#ChangeBlogChallenge – Change Readiness
And we’re up to Q3 of the #changeblogchallenge – and the topic is Change Readiness. Heather Stagl and I are challenging you to share your thoughts on change readiness.
What is your perspective on change readiness? Here are some starter questions to get you thinking about what to write, but what you write about readiness is entirely up to you.
- The brain and change readiness
- If change is constant, what does perpetual change readiness mean
- 7 signs you’re not change ready
Write up your blog about change readiness, and share the link in the comments.
If you have followed my work for a while, you know that I highly rate consideration of readiness for change, much more than resistance to change.
Change readiness was initially defined as ‘the cognitive precursor to the behaviours of either resistance to, or support for a change effort’ (Armenakis, Harris and Mossholder, 1993, p.681). Today the construct at least at a practical level has come to include considerations of organisational support as well, so not just “will they”, but also “can they” (eg do they have the skills, knowledge, resources, training, infrastructure, assets). You can have all the will in the world and be emotionally and intellectually supportive of change, but without the resources and capability you are simply not change ready
Twenty years since Aremenakis et al seminal paper “Creating Organisational Readiness for Change” in Human Relations, Rafferty, Jimmieson and Armenakis, (2013) published “Change Readiness: A Multi-level Review” . For those wanting to dive deep I would highly recommend getting into this. The review primarily focuses on the cognitive (thinking) and affective (feeling) responses to change (so the “will they”) and not so much on the factors that result in the “can they” . For this Weiner’s (2009) “A Theory of Organisational Change Readiness” paper is useful. – What they both point to is a lack of multi-level attention to change readiness. Change readiness occurs at an organisational level, a group level and an individual level and also in practice while the organisational and group level is often addressed, we see individual readiness to change neglected.
I prefer to focus on change readiness rather than resistance. In some ways it presents as way to do the Lewinian force field analysis eg are the forces for change greater than the forces against change? I think when you focus on change resistance that’s all you will see. And for a whole host of reasons which I will explain in a later post, I think change resistance has limited use to change practitioners. However, by focussing on change readiness and you shift the energy a little bit.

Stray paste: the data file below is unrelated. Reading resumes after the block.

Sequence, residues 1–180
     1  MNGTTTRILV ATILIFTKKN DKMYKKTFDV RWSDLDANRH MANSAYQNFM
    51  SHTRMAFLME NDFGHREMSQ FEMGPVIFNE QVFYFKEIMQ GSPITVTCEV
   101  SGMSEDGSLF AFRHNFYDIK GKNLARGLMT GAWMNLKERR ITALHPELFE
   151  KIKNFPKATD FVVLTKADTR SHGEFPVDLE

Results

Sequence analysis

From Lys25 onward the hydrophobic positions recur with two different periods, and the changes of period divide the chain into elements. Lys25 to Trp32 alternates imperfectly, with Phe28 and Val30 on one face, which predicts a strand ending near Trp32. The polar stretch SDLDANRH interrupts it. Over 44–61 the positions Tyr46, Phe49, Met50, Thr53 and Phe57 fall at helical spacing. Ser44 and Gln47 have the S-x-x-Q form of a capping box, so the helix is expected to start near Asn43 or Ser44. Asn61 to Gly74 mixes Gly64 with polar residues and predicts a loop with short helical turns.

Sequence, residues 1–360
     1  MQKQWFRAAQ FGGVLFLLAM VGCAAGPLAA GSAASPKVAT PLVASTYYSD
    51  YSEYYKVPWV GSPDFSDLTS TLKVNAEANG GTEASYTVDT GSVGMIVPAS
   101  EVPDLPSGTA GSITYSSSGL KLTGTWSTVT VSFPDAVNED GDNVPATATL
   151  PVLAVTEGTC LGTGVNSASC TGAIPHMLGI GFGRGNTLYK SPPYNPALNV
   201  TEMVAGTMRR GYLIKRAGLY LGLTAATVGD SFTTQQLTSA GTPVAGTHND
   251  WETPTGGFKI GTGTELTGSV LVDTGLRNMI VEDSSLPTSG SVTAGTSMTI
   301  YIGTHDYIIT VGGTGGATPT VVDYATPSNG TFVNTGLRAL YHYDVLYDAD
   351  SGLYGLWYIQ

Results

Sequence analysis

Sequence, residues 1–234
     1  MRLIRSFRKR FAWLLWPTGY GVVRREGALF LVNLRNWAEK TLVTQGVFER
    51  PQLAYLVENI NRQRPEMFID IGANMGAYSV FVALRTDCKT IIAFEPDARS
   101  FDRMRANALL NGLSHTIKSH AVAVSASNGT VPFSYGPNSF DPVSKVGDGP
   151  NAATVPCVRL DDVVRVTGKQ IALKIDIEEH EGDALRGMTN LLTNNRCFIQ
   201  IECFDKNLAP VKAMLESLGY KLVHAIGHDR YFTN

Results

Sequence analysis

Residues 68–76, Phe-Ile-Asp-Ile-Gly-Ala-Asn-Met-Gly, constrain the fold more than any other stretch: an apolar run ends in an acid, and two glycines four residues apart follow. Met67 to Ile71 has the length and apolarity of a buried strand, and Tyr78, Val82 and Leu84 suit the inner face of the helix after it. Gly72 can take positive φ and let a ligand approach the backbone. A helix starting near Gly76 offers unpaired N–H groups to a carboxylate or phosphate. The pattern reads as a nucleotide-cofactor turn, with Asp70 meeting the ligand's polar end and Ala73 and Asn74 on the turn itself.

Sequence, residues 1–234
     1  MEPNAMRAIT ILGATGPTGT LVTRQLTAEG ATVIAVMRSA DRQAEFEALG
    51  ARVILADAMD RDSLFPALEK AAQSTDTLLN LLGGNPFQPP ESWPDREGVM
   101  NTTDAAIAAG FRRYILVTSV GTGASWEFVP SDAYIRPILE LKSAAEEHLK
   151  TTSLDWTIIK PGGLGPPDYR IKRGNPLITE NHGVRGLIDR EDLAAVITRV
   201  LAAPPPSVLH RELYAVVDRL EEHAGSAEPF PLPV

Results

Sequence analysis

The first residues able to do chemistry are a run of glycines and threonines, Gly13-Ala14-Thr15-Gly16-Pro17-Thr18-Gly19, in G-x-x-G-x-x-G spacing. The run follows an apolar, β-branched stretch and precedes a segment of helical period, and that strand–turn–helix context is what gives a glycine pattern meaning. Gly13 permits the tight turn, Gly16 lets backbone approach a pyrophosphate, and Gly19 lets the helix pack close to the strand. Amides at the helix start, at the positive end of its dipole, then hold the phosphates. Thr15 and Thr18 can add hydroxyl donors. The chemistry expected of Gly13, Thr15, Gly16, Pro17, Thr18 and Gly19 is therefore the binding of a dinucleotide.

Change readiness in practice
In practice – it’s measured in a number of ways – full blown quantitative surveys, pulse polls (short series of question to take the pulse of the change), pulse checks – (checking in with change networks as representative of the audience), focus groups, and manager assessments. Done well, this data provides you information on how, where and when to intervene to improve the likelihood of success when the change goes live.
In about half of my change engagements the change readiness assessment is aborted. The reasons being:
- The organisation has survey fatigue
- There is no time or resources to do anything about the results
- Leadership is uncomfortable with hearing if the audience is not ready
This is a real shame. Because one of the hidden benefits of a change readiness assessment is it is a form of engagement and opportunity to reinforce the key messages of the change.
In one project where there was resourcing, time, and political understanding of the importance of the activity we developed an audit tool to assess the business unit before go-live. The tool listed a series of practices which were known to either hinder or help the change once implemented with a 5 point scale. It provided a scoring scale eg what your score means, and a contact point to return the audit. The business unit leaders were asked to rate their business unit on these practices.
To be honest, I expected the business unit leaders to inflate the responses – I didn’t mind that. Even if they were scoring themselves a 5 (when the real practice was lower) by thinking about the question they were being reminded of the key practices that needed to occur and saying to themself (Oh boy, we are going to need to change this!) But the answers came in quite honest and realistic. This enabled us to consolidate the results by business unit and provide the change leaders with a focus on where to intervene with coaching / workshops / discussions on the changes to occur.
In other projects I have been able to include a communication audit with the activity and provide critical information on understanding of the key messages and what has missed the mark, so it really is not an activity to be done in isolation. In crafting the change readiness activity make sure you review what you want to do with other key stakeholders. You may be able to get more bang for your buck!
What I will note is more often than not these days the pace of change has accelerated to such an extent that you have very little time to do a readiness for change assessment and then act on it. Which is problematic. I’ll pick up on this in the next post.
Hint. Mop. Bucket. 😉
But over to you – what experience have you had with change readiness? Would be most keen to hear.